The little town of San Giovanni had been portrayed in the media as mecca for those on summer holiday, with tourists regarded as a great source of income. When he arrived at San Giovanni for the first time, he made a quick tour of the area, admiring the church of St. Mary of the Graces, the new hospital “Home for the Relief of Suffering,” and noting the many shops and the movements of the people. But when he proceeded to enter the church he was stopped by the ushers, and told that photographers could not be admitted – this would mean the failure of his entire assignment. Fortunately just at that time a number of buses pulled up, and as the pilgrims disembarked and made their way into the church, De Renzis fell in with them, and in this way he slipped inside. Padre Pio was on the altar, and the photographer discretely and with dexterity began to snap his pictures. But he was soon spotted, and the ushers clamored like it was the end of the world. In the ensuring confusion, he made straight for an an exit, and found himself in the garden of the convent.
Noticing a staircase, he clambered up it, entering a little corridor, which led to an open door. It was the entrance to the cell of Padre Pio. In spite of the fact that he had photographed him only a few minutes ago in the church, there he was in flesh and blood, in his room. How was this possible? A healthy person would need at least 15 minutes to get there, and Padre Pio with his painful wounds could only shuffle along slowly. At the time, De Renzis thought no more about it, now that he was in the presence of the saint. He and the Padre “exchanged what is now called in the liturgy the sign of peace,” and they shook hands. With his permission, he took a number of pictures of Padre Pio in his cell. The emotions and surprise of this encounter were so strong at the time that the photographer did not fully comprehend what had actually occurred. Padre Pio, the stigmatized priest, had clasped his hand in his own, without any hesitation and minimal discomfort – how could this greeting be possible with a painful and bloody wound in his palm?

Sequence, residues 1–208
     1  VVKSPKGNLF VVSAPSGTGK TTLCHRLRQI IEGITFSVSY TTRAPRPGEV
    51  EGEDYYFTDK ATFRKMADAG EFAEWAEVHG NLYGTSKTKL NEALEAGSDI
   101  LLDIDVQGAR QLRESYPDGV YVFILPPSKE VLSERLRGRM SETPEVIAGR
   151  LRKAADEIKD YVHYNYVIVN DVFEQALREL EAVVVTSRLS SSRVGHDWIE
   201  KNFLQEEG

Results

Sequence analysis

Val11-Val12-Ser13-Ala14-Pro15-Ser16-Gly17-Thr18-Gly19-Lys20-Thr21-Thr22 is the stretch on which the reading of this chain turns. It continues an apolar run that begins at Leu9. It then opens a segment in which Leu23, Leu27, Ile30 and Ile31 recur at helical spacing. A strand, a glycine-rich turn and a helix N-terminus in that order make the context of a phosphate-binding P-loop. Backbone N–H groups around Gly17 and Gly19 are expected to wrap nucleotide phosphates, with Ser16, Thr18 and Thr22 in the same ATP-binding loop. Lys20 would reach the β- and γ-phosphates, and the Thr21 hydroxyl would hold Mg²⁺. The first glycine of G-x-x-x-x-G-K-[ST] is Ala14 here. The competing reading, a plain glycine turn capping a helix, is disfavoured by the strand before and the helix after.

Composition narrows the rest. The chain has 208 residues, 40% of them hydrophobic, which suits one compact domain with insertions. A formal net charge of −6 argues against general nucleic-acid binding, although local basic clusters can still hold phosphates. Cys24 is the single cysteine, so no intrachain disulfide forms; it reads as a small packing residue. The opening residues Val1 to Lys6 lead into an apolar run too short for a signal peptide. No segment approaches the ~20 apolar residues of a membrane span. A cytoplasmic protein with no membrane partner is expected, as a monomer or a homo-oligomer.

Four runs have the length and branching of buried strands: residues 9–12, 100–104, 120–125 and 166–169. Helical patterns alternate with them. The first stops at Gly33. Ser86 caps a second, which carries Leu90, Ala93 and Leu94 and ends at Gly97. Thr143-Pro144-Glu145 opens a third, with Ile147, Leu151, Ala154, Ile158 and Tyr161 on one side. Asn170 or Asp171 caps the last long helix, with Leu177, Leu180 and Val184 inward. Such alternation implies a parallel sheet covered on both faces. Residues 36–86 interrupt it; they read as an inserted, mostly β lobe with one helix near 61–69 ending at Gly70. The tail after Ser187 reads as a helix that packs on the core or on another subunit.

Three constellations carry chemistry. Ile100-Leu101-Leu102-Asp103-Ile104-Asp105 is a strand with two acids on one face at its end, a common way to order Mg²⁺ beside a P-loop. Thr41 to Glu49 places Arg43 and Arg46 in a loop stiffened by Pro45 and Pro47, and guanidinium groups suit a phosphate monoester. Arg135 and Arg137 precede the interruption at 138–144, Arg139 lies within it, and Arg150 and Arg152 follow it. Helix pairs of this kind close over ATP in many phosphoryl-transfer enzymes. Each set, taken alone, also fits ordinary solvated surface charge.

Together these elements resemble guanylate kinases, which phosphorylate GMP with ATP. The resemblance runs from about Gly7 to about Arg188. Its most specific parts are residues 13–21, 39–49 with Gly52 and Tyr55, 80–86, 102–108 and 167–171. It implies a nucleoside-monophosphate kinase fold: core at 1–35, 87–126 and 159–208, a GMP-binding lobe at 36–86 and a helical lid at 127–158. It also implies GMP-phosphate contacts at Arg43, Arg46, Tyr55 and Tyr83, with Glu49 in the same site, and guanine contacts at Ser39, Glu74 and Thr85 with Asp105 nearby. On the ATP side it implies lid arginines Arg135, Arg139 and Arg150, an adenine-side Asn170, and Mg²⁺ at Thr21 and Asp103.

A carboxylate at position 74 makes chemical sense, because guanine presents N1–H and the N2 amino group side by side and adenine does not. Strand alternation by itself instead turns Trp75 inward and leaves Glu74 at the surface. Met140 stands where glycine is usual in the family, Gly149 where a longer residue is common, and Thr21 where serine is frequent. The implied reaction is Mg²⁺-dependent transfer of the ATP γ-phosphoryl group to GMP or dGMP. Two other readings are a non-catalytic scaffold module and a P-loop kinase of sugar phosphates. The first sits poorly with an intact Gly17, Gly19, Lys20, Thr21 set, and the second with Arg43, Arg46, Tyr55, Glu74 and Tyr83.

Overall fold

As he left the friar's cell, he thought of the marvel that everyone was talking about – bilocation. In view of Padre Pio's extraordinary capabilities, he concluded that he had not been in the presence of the body of Padre Pio, but of his soul, his essence. And physical, bodily pain does not pertain to the soul, which is why Padre Pio was able to “tranquilly shake his hand.” His photography assignment accomplished, De Renzis visited the local shops to obtain some souvenirs, before returning to Rome.
At the offices of his newspaper, he developed his photos, and they turned out beautiful: Padre Pio celebrating Mass, the moment of Communion, the great crowds. As for the pictures taken with Padre Pio in his cell, they showed the room clearly, except for one strange thing – there was no Padre Pio visible in the photos! But his assignment at San Giovanni Rotondo was a great overall success, and the newspaper Il Tempo sold out at the newsstands.
He never told anyone about what had happened – this particular event was something for him alone, a personal experience of his soul. Even now [around 30 years later] he is filled with nostalgia in thinking about his encounter with the holy friar. Padre Pio, with his extraordinary capabilities, helped him to obtain great satisfaction in his professional field, but much more so in the spiritual. “Now I can say it with greater clarity, my soul is filled with strong emotions that, at the mere memory of the encounter, still make my heart throb.”
Thanks to John McCaffery, The Friar of San Giovanni, p. 39; Maria Winowska, The True Face of Padre Pio, p. 50, Enrico Malatesta, L'Ultimo Segreto di Padre Pio, pp. 248-251.